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Stoetzel Caveman Workout Feature Image

4 Caveman Workouts for Real-World Results

Written by
May 16, 2014
Updated April 12, 2018
Category: Fitness

Over the last few years, there’s been a steady rise in popularity within unconventional, “Hardcore” style functional training, and for good reason, it works! 

This kind of training has often been called “Caveman Training” due to its simplistic approach to training through methods and techniques that are mainly real-world based. There’s no fancy machines used, no gimmicks or special tricks, just down and dirty hard work. Personally, I like to call this type of training “Caveman Training.”

From what I’ve seen, there are many different types of Caveman Training out there, most of which are based on the same principles I talked about above, but the main focus of Caveman Training for me is that it’s very primal in nature. With that being said, let’s look at what primal, Caveman Training means through my eyes.

In my view, Caveman Training is first and foremost about training both your mind and body, forging a connection between the two. Second, everything you do needs to be functional and real-world based, so the means to which we train will always revolve around using our own bodyweight or some sort of external odd objects such as rocks, sandbags, or other strength building tools.

If you imagine the days of our caveman ancestors, I think immediately about what they must have had to do on a daily basis in order to survive: hunting, gathering food, and surviving attacks from predators.

To re-create these types of events in the weight room would involve doing short, all-out bouts of power and strength sets (symbolizing going after the kill during a hunt or the attack from a predator). Then, after the kill or the attack, cavemen might have had to either pursue a wounded animal or possibly flee after an attack from a predator.

Thinking about what we had to be prepared for back then is fun. This is what makes Caveman Training that much more interesting and “real.” While we can’t fully recreate these types

Caveman Strength Workout Session Set Up

For Caveman Training sessions, my main focus will be on short, high intensity, all-out bursts of power and strength mixed in with a combination of pre and post workout bouts of cardio. The ways I approach this type of training is through primal, bodyweight based movements (sprinting, animal movements, jumps, climbs, etc.) blended with full body, explosive power lifts like clean & presses, thrusters, and shouldering. I definitely want to add in some heavy strength-based lifting as well heavy squats, deadlifts, and overhead presses to help keep strength and focus.

Stoetzel setting up strength program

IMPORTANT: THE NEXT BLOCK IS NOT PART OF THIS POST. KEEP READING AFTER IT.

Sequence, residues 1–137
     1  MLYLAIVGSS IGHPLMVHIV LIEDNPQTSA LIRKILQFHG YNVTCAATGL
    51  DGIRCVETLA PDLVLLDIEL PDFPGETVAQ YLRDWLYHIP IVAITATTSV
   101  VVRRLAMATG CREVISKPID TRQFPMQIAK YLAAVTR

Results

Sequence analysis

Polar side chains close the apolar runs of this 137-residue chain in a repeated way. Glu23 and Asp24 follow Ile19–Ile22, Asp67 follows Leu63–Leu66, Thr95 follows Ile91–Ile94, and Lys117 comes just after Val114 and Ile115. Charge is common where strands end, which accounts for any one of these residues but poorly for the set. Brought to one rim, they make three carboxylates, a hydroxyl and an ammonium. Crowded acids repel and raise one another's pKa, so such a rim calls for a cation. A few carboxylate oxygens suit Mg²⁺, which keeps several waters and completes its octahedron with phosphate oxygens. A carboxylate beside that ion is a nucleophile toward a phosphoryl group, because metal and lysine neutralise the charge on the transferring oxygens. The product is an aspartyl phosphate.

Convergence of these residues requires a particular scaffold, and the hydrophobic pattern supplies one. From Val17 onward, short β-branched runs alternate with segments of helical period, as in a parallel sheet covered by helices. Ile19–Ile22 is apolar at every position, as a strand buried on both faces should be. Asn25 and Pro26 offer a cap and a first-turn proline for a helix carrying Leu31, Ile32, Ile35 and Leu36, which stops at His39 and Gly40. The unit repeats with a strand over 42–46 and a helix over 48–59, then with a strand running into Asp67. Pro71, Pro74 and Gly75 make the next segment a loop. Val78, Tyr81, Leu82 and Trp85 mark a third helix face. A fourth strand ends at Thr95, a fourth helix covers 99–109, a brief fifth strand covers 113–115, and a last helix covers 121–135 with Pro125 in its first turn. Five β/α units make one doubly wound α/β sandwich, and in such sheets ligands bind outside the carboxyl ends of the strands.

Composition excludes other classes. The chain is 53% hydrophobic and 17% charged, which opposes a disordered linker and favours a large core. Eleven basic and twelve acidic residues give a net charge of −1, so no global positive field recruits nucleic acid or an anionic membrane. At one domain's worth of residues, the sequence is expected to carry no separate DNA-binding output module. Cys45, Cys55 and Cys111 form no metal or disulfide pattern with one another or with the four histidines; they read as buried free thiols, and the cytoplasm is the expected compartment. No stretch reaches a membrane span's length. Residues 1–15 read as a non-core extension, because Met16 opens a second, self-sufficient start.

All of my strength lifts use odd objects to help create the real world strength needed by cavemen. That means that my main strength tools of choice will definitely be sandbags, stones, and sleds (either a real dragging sled or tire). After the initial use of the power and strength based movements, I either allow a full resting period for recovery, or throw in a bout of light cardio (jogging or short to medium distance sprints) or weighted cardio (sled pushes, drags, carries, weighted runs with sandbags, a weight vest, med balls, rocks, and ruck marches) to symbolize the chase after a hunt, the flee from an attack, or the gathering and return of food from a hunt.

Caveman AMRAP Interval Workout

I mentioned that I may use weighted cardio BEFORE the strength and power focused work to symbolize and recreate how much a caveman might have had to travel to get to where he needed to be before he actually engaged in hunting or had to fight. This adds to the “be prepared for anything” type of mindset. For example, if you were hunting back then, you may have had to travel for a few miles before you even got the chance to hunt and kill.

The important thing to think about here is this: would you still be able to engage in short power and strength focused work (like the kind you would need to survive a dangerous situation) if you were tired and pre fatigued? A great way to recreate this is by either performing a 1-2 mile run or even a longer ruck style march BEFORE you do any actual heavy strength or power based work. It will help prepare and teach your body to perform when you’re a bit pre-fatigued. I designed the Caveman Training Workouts within this article to be short and intense. I did this through the use of short 2-10 minute AMRAP circuits.

The AMRAP interval set up is a great way to blend in different modalities of training and has also proven to be a highly effective to help increase strength, power, and conditioning (all the essential traits you would need to survive as a caveman).If you don’t know what an AMRAP circuit is, it is a density-style circuit that means “As Many Rounds As Possible.”For example, if you had a 3 minute AMRAP circuit incorporating 3 different movements, you would perform that circuit as many times through as you could within 3 minutes without stopping. The only time you would rest is when you absolutely had to. Bottom Line, this type of training is designed to be very tough and challenging on both the mind and body, great for building up your inner caveman.